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You may know that you should backup your data, but did you know that doing this in the correct manner contributes to your business continuity?  Implementing and deploying backups involves organization and expertise—It’s a complicated process.

What is business continuity?

Business continuity encompasses planning and preparation to ensure that an organization can continue to operate in case of serious incidents or disasters, and can recover to an operational state within a reasonably short period. (Wikipedia)

Here’s an example —When a disaster strikes (like a simple power outage), with a business continuity plan, your business can continue operating.  This requires:

  • A written plan,
  • with action items that are assigned to designated individuals, and
  • that’s has been tested for effectiveness.

Why is business continuity so important?

Large enterprises have a talented IT staff, and direct access to relevant vendors like Cisco and Microsoft.  This enables them to establish a smooth-running IT infrastructure so they can handle any disaster that comes along.

But if you own a small or medium-sized business (SMB), you don’t have this luxury.  That’s why so many SMBs don’t have the proper business continuity plans in place.

22% of SMBs will experience a data loss that significantly affects their business. And, 70% of SMBs that reported a data loss ended up going out of business.

Today, information is vital to running a business, and it’s growing.  For the average business, it’s doubling every two years, not only on servers but individual computers as well.  Plus, data is now an asset for your business—And with greater importance on data comes increased the risk to your business if you lose it.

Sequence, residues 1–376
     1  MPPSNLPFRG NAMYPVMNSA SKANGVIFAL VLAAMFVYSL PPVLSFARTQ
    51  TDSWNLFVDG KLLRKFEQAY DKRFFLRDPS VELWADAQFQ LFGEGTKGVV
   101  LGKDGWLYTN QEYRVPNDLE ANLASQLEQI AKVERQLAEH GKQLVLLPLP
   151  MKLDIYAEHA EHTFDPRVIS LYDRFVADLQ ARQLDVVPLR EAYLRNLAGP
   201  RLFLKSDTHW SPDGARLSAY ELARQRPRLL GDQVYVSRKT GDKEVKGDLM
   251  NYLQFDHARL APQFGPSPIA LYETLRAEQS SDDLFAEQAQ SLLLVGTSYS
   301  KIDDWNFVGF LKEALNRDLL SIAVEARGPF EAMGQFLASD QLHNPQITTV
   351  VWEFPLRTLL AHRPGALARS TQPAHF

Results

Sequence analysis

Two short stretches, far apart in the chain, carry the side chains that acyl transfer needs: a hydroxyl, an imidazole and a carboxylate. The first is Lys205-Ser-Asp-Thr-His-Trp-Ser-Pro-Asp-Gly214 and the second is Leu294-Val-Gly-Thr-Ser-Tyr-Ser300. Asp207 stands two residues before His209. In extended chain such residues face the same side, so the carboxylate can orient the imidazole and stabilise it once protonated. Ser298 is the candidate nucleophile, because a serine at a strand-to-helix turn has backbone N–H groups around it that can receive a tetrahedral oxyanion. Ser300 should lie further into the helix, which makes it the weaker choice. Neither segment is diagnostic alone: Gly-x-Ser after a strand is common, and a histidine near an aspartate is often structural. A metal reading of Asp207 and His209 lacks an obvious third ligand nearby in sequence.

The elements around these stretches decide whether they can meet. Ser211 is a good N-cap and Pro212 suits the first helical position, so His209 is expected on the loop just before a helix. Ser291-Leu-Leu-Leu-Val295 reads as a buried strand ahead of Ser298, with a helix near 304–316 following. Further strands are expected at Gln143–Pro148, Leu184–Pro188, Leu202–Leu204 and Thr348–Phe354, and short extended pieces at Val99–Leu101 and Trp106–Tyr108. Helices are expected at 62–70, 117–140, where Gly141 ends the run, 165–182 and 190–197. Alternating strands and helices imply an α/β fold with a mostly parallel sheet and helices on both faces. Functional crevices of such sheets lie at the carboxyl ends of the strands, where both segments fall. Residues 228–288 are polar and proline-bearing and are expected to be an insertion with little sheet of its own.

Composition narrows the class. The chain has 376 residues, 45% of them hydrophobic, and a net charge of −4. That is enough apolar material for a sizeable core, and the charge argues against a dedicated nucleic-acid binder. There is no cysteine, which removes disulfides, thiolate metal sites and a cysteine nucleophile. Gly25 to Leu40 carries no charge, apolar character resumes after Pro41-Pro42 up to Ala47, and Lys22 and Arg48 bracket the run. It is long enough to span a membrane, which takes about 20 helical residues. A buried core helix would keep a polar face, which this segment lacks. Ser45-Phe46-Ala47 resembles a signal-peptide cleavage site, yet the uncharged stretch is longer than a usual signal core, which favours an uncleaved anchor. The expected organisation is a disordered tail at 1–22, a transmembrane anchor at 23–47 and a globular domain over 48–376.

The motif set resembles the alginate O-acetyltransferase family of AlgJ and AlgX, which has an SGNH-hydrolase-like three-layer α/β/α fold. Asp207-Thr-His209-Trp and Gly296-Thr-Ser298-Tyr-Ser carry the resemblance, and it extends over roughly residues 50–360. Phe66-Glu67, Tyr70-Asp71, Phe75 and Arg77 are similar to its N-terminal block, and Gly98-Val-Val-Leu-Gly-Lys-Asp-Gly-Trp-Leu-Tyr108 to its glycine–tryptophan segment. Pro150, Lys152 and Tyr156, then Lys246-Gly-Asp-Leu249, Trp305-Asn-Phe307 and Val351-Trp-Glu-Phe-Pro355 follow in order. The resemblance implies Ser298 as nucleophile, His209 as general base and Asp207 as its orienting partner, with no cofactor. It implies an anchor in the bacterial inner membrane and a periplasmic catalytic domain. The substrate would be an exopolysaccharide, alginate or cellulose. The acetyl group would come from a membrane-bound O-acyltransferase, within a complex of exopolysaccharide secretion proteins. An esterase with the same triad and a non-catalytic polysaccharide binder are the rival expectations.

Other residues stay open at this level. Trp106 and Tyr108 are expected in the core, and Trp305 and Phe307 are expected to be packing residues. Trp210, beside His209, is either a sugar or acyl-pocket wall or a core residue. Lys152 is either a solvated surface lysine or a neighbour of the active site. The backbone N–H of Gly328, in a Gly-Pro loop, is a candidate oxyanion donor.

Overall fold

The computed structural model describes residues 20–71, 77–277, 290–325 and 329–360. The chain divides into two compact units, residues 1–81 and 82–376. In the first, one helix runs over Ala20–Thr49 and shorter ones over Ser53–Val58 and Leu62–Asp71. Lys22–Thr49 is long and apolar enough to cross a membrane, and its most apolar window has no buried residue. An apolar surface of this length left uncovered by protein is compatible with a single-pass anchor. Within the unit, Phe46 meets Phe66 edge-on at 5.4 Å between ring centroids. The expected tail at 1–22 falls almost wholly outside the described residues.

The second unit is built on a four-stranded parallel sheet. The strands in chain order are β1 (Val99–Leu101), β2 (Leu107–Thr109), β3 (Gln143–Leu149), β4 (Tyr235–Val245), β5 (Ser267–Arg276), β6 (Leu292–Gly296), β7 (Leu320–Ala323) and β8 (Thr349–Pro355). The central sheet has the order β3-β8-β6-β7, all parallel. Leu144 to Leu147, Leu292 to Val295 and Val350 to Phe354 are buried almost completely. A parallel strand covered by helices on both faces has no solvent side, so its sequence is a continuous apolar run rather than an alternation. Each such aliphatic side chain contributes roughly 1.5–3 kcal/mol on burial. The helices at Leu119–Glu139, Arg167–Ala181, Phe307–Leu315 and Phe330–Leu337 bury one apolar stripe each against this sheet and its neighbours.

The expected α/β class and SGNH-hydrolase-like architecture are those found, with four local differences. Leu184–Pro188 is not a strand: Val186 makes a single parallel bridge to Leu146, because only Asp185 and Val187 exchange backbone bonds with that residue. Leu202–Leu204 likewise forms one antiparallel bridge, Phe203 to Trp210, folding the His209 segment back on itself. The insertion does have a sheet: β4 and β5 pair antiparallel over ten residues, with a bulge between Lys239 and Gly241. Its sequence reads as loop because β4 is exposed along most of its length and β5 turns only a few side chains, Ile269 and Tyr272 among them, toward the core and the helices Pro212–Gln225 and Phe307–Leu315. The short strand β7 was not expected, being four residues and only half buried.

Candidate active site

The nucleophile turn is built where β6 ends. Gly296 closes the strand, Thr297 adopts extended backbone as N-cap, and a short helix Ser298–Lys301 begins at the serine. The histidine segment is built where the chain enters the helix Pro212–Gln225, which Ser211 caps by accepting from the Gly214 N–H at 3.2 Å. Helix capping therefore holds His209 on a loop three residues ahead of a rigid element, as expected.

What’s required for business continuity?

  • Resilience: You must continue to invest in your IT infrastructure to protect your data. This requires redundancy with detailed documentation of your network, routers, computers, servers and backups.
  • Recovery: You must ensure your backups are recoverable and restorable. Backups that are never tested are useless. The only way to truly test a backup is to perform restores on a regular basis.
    • There are multiple types of backups—File-Based Backups that cover each file individually, and Image-Based Backups that make an image of the entire server.  Which one you choose depends on your particular needs.
    • Either way you go, you want redundant copies—One onsite and one offsite in a secure cloud, (in the U.S., and encrypted for complete protection) so you can quickly restore via the Internet.
  • Contingency: If your building was destroyed by fire, a tornado, flood, etc., where would you work from?  You should choose a location in advance and ensure you have access to your backups.  You can do this with remote access to your data via the secure cloud, so you and your employees can continue working from where you are.

What to do now? 

Talk to your IT Managed Service Provider—To not only fix things over time but to maintain your IT. They can help you get started with a business continuity plan.  (Don’t put this off.  Start working on this now to get something in place, and test it before disaster strikes.) 

Don’t wait until the next power outage, or for World Backup Day 2018 to protect your data. RCOR Technologies has you covered when it comes to Business Continuity.  For more information, contact us at: (919) 313-9355 or tim@rcor.com